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Bankruptcy in Mississippi

Music icon and Mississippi native, Faith Hill, has sold over 30 million records. In an interview years ago, she gave insight into her life growing up in Mississippi, sharing that her father, who loved her dearly and encouraged her to do great things, never learned to read.

Such is the dichotomy of the state every grade school child loves to spell (M-I-S-S-I-S-S-I-P-P-I). Mississippi is home to literary master William Faulkner as well as the highest illiteracy rate in the United States.

The state of Mississippi proven it has fertile ground upon which good people can do great things, if given the opportunity. One such important opportunity is the opportunity to start fresh if things go wrong financially. Bankruptcy laws create that opportunity.

If you are in financial dire straights, this article is for you. We’ll show you how Mississippi bankruptcy law differs from the laws other states; discuss whether you should file Chapter 7 or Chapter 13 bankruptcy; and show you how to find and prepare to work with a bankruptcy attorney.

How Mississippi Bankruptcy Law Differs from the Laws of Other States

If a law is a federal law, it applies to residents of all states; if the law is a state law, it applies the residents of that state. In this section, we’ll provide examples of relevant laws and of the property that you can keep, even if you file bankruptcy.

  • Although you cannot use federal bankruptcy exemptions if you reside in Mississippi, you still get the benefit of federal non-bankruptcy exemptions. For example, your retirement accounts are protected from creditor seizure.
  • In addition, you can protect up to $75,000 in your home (or $150,000 if you’re married and filing bankruptcy together).
  • Personal property is also protected, up to certain limits.
  • And, Mississippi has a wild card exemption of $50,000 for residents 70 years of age or older. This means you get to choose what property it protects.

Everyone is very fearful of losing their home, car, and things; however, most people don’t lose anything at all during bankruptcy.

Your Choices in Filing Bankruptcy in Mississippi: Chapter 7 or Chapter 13

Have you heard the terms, “Chapter 7” and “Chapter 13”? These terms refer to sections of federal bankruptcy law and when you file bankruptcy papers with the court, you have to let them know under which chapter you’re filing.

  • Chapter 7 tends to be for Mississippi residents with lower incomes and high credit card bills or medical bill debt. There is a test, called a “means test”, which you must pass in order to qualify to file under Chapter 7.

  • In general, if your income is below the median income, you qualify. If you don’t immediately qualify, your bankruptcy lawyer may be able to qualify you by listing high living expenses, as appropriate.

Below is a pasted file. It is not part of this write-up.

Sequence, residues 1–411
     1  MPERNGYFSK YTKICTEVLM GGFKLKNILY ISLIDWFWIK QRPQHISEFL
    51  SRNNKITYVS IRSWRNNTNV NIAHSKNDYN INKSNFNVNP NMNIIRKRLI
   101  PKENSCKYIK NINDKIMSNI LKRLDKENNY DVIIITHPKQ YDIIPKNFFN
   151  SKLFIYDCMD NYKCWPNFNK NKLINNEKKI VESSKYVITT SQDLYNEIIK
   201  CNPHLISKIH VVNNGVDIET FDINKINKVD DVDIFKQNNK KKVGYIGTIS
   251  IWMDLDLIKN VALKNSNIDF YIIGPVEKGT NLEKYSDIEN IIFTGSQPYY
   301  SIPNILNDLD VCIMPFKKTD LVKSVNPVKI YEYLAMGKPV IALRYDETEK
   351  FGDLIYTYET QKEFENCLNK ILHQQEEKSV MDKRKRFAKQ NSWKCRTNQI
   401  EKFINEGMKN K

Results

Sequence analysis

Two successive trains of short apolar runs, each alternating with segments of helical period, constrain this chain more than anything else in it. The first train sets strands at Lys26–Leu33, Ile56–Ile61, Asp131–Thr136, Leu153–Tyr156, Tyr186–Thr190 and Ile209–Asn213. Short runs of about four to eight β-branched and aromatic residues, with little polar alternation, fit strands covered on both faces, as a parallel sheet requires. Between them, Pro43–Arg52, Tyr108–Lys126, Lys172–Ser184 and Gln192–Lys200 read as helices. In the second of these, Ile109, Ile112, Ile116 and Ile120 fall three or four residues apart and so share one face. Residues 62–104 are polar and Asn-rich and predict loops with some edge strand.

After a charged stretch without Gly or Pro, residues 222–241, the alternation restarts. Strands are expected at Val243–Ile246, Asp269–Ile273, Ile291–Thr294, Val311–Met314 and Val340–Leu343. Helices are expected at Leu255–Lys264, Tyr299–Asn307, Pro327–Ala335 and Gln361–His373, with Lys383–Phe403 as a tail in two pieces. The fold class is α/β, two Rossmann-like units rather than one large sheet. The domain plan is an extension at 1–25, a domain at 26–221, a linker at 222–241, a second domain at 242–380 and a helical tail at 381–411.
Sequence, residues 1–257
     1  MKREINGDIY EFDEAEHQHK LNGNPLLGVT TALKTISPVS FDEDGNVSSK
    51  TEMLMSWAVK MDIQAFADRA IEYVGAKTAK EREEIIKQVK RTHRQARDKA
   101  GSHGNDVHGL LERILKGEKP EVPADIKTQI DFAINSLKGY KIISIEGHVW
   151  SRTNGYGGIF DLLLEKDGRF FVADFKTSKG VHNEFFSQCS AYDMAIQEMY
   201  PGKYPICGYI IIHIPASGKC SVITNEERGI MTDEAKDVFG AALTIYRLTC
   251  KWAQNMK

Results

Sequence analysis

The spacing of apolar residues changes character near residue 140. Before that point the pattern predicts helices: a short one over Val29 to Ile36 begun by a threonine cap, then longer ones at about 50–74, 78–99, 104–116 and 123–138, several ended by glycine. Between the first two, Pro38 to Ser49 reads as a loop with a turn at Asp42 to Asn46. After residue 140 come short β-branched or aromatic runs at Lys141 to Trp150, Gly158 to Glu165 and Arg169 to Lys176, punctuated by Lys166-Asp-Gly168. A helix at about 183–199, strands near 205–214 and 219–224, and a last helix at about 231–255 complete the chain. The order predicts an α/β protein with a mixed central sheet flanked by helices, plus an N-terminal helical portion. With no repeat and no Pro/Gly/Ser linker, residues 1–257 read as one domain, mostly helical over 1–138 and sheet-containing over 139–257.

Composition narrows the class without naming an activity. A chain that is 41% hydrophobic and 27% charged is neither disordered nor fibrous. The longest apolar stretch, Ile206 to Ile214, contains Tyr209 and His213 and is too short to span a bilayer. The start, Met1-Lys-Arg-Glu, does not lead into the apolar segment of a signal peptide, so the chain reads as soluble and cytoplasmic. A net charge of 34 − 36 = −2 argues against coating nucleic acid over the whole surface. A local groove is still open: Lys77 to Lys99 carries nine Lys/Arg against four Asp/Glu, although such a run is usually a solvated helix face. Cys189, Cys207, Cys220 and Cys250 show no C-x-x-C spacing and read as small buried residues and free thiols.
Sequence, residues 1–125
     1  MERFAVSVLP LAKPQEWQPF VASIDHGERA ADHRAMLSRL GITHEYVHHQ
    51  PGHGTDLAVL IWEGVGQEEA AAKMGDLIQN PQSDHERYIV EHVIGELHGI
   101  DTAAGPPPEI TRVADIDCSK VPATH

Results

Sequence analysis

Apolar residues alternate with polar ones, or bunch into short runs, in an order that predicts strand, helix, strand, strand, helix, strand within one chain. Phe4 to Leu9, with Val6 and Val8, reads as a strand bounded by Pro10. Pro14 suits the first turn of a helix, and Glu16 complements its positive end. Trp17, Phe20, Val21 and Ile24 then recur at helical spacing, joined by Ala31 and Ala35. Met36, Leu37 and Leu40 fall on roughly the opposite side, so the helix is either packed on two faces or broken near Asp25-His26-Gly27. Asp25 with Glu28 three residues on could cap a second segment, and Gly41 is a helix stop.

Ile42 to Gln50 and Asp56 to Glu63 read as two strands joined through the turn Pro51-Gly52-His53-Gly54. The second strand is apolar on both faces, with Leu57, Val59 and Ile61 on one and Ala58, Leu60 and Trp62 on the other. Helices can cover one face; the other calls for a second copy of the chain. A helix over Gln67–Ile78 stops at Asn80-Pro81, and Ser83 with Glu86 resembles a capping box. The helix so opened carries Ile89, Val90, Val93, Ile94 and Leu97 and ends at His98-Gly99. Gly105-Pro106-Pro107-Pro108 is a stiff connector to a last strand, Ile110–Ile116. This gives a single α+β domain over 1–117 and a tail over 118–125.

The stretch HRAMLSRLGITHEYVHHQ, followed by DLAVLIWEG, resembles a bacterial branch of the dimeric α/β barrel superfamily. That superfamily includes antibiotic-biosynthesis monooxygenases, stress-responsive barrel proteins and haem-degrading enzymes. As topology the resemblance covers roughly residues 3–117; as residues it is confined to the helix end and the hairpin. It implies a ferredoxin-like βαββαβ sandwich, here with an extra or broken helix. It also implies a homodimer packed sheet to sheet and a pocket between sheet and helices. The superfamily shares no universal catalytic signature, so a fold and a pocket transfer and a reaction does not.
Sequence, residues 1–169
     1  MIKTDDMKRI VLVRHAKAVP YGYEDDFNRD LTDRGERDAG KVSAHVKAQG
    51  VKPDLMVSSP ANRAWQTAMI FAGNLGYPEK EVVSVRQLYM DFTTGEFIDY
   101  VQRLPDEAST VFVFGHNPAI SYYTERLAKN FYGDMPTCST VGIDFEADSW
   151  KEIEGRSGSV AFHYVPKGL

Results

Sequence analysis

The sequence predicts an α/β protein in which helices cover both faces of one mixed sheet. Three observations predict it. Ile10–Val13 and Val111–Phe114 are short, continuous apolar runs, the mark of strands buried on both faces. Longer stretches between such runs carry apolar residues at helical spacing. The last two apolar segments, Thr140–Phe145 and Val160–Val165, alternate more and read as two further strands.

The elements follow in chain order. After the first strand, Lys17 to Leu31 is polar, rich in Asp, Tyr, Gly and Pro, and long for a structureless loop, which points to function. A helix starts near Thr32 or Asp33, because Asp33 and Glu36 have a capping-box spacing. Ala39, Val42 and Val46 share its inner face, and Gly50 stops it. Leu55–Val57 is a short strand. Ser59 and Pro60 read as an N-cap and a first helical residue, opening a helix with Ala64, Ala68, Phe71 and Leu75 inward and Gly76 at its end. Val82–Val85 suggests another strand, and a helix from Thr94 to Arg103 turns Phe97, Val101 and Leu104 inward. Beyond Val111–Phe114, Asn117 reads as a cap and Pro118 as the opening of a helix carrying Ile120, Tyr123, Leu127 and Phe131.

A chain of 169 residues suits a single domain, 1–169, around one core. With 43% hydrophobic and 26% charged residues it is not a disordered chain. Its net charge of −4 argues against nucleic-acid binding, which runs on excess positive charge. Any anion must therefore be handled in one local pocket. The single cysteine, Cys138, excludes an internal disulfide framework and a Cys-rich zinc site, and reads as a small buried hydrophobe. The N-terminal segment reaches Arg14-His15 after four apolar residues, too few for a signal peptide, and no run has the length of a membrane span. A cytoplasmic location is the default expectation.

• The median income in Mississippi is $56,494 for a family of four and $34,172 for an individual with no dependents. The test is adjusted to your individual situation.

  • Chapter 13 is an alternative to Chapter 7. Like Chapter 7, it offers an immediate end to creditor harassment and a fresh start. Some debts do need to be repaid and while Chapter 7 takes about 6 months to get through, Chapter 13 takes 3 to 5 years because of the required repayment plan.

How to Find a Bankruptcy Attorney

If your loved ones, community, or church members have mentioned that they have gone through bankruptcy, you can ask whether they liked their lawyer.

Otherwise, you can get a referral from a professional advisor (attorney, accountant, CPA, or financial advisor).

If no personal referrals are available or you don’t want to ask, check with your local bar association and do an online search for “Find a Mississippi Bankruptcy Attorney”.

Take a few attorneys up on their offers of a free consultation and choose the attorney you’re most comfortable with.

How to Prepare to Work with a Bankruptcy Attorney

Be prepared. You will be asked to fill out lengthy forms; these are all necessary. If you don’t understand the forms, it’s okay to ask for help.

To fill out the forms, you’ll need a list of your bills, assets, and payments made. It’s a lot of work; it might be helpful to look at your time and effort as an investment in your fresh start and future.

Cause a Mississippi girl don’t change her ways
Just cause everybody knows her name
Ain’t big-headed from a little bit of fame
I still like wearing my old ball cap
Ride my kids around piggy back
They might know me all around this world
But y’all I’m still a Mississippi girl

-Faith Hill

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